Search Images Maps Play YouTube News Gmail Drive More »
Sign in
Screen reader users: click this link for accessible mode. Accessible mode has the same essential features but works better with your reader.

Patents

  1. Advanced Patent Search
Publication numberUS20010029367 A1
Publication typeApplication
Application numberUS 09/773,282
Publication dateOct 11, 2001
Filing dateJan 31, 2001
Priority dateOct 30, 1996
Also published asCA2408657A1, CA2408657C, CN1297240C, CN1450921A, EP1265672A1, EP1265672A4, US6544258, WO2002060526A1
Publication number09773282, 773282, US 2001/0029367 A1, US 2001/029367 A1, US 20010029367 A1, US 20010029367A1, US 2001029367 A1, US 2001029367A1, US-A1-20010029367, US-A1-2001029367, US2001/0029367A1, US2001/029367A1, US20010029367 A1, US20010029367A1, US2001029367 A1, US2001029367A1
InventorsRichard Fleenor, David Kieda, James Isaacson, Paul Borgmeier
Original AssigneeMegadyne Medical Products, Inc.
Export CitationBiBTeX, EndNote, RefMan
External Links: USPTO, USPTO Assignment, Espacenet
Pressure sore pad having self-limiting electrosurgical return electrode properties and optional heating/cooling capabilities
US 20010029367 A1
Abstract
A self-limiting electrosurgical electrode for use with electrosurgery and various other surgical procedures. The electrode can include a pad and a conductive element that collectively has an effective bulk impedance equal to or greater than about 4,000 Ω·cm. The effective bulk impedance of the electrode arises from resistive components, capacitive components, inductive components, or combinations thereof of both the pad and the conductive element. Through the selection of the impedance characteristics for the electrode materials, and through tailoring of electrode geometries, the electrode of the present invention is self-regulating and self-limiting as to current density and temperature rise so as to prevent patient trauma. Additionally, the selection of materials and electrode geometries can prevent the creation of pressure sore or decubitus ulcers on a patient resting upon the electrode. Further, alternate configurations of the electrosurgical electrode can heat and/or cool a patient during the performance of a surgical procedure.
Images(12)
Previous page
Next page
Claims(48)
What is claimed is:
1. An electrosurgical electrode comprising:
(a) a pad configured to substantially prevent the creation of one or more pressure sores on a patient resting upon said pad; and
(b) a conductive element configured to electrically communicate with said pad and configured to conduct electrical current
wherein, said pad and said conductive element collectively have an effective bulk impedance equal to or greater than about 4,000 Ω·cm.
2. An electrosurgical electrode according to
claim 1
, wherein said conductive element comprises electrically conducting material having an effective bulk impedance equal to or greater than about 4,000 Ω·cm.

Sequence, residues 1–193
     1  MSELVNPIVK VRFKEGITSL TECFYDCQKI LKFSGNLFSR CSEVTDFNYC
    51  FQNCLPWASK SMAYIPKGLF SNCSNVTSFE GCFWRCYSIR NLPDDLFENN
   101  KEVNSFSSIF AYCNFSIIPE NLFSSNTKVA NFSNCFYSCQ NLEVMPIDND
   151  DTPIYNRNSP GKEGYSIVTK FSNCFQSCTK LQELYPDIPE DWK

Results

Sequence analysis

3. An electrosurgical electrode according to
claim 1
, wherein said pad comprises electrically conducting material having an effective bulk impedance equal to or greater than about 4,000 Ω·cm.
4. An electrosurgical electrode according to
claim 1
, wherein said pad comprises a dielectric material.
5. An electrosurgical electrode according to
claim 1
, wherein said pad comprises a conducting material.
6. An electrosurgical electrode according to
claim 1
, wherein said pad comprises an elastomeric material.
7. An electrosurgical electrode according to
claim 1
, wherein said pad comprises a dielectric material and a conducting material.
8. An electrosurgical electrode according to
claim 1
, wherein said pad comprises an interior chamber and one or more baffles disposed with said interior chamber.
9. An electrosurgical electrode according to
claim 1
, wherein said pad and said conducting element comprises a lattice structure.
10. An electrosurgical electrode according to
claim 1
, wherein said pad comprises a port in communication with an interior chamber, said port being configured to allow a material to circulate through said interior chamber.
11. An electrosurgical electrode according to
claim 1
, wherein said conductive element comprises normally insulating material impregnated with electrically conducting fibers to render said sheet to have an effective bulk impedance equal to or greater than about 4,000 Ω·cm.
12. An electrosurgical electrode according to
claim 1
, wherein said pad comprises normally insulating material impregnated with electrically conducting fibers to render said sheet to have an effective bulk impedance equal to or greater than about 4,000 Ω·cm.
13. An electrosurgical electrode according to
claim 1
, wherein said collective effective bulk impedance of said pad and said conductive element comprises electrical components selected from the group consisting of resistance, capacitive, inductive, or combinations thereof.
14. An electrosurgical electrode according to
claim 1
, wherein said conductive element comprises:
(a) an electrode, said electrode comprising:
(i) a first layer of predetermined limited electrical conductivity; and
(ii) a second layer of dielectric material having a predetermined capacitive reactance, said second layer contacting and overlying said first layer.
15. The electrosurgical electrode according to
claim 1
, wherein said pad comprises a working surface for being positioned in contact with or in close proximity to a patient.
16. The electrosurgical electrode according to
claim 1
, wherein said conductive element comprises a working surface for being positioned in contact with or in close proximity to a patient.